An abuse of the system was exposed when we uncovered that an elderly couple called the fire department 1,100 times in the last three years in Virginia Beach.
Virginia Beach firefighters call it a growing problem say too many people call the fire department for non-emergencies.
Shirley Niemiec calls the fire department on a daily basis.
Her husband needs help getting in and out of bed twice a day.
The issue was addressed at a recent city council meeting.
Virginia Beach City Manager Dave Hansen said, “We as a public safety response team will respond to those calls until we can change our operating conditions at the approval of our city council.” Hansen and other city leaders are working right now create a solution for people who say they are not eligible for socials services but can’t afford home healthcare and use the fire department as a solution to non-emergency issues.
With more and more baby boomers aging, city leaders say it’s a growing problem.
“Unfortunately the numbers of these assists are becoming extraordinary so we are looking at putting policies into effect that will assist as best we can to find them other assistance to help them at home to do non-emergency care of those citizens,” said Hansen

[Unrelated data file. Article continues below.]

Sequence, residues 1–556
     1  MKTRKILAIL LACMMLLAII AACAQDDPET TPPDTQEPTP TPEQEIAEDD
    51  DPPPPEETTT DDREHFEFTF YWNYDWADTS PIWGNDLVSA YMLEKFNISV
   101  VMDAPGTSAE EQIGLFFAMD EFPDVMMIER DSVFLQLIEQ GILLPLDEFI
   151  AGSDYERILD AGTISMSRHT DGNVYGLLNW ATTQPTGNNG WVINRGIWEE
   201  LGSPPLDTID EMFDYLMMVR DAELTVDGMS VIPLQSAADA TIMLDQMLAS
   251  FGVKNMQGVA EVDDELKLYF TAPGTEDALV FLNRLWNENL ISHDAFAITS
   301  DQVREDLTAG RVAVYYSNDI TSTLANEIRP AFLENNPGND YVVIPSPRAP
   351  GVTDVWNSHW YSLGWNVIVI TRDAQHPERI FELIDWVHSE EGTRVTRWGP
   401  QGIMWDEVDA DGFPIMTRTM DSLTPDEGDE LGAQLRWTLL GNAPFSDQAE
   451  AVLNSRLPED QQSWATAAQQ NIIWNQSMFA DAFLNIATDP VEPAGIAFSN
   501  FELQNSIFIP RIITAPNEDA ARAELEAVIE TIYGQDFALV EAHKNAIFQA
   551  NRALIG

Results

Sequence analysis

And there’s an impact on taxpayers.
The fire department says it’s very difficult to estimate these types of costs.
The Virginia Beach Firefighter Union president said 1,100 calls for service would equal somewhere between $250,000 to almost half a million dollars.
William Bailey said the impact comes for many different aspects like fuel costs, firefighter salaries and maintenance on the fire trucks.
When you examine the number of miles in this particular case there have been roughly 3,900 miles put on the various fire trucks dispatched to this house. They live about 1.8 miles from Fire Station 19 .
When looking at the miles alone, it would be like driving from Virginia to California to Colorado.
Virginia Beach District Chief Kenneth Pravetz said, “The fire department is funded through taxpayer dollars, so the taxpayers are paying for it.”
He said that when you look at the firefighter salaries and fuel costs alone it adds up to about $65 per call.
Firefighters are paid the same amount of money no matter what types of calls they go on, so including that cost is debatable on whether to include that in the cost estimate.
But, of course, being tied up on a non-emergency could be problematic if something were to happen.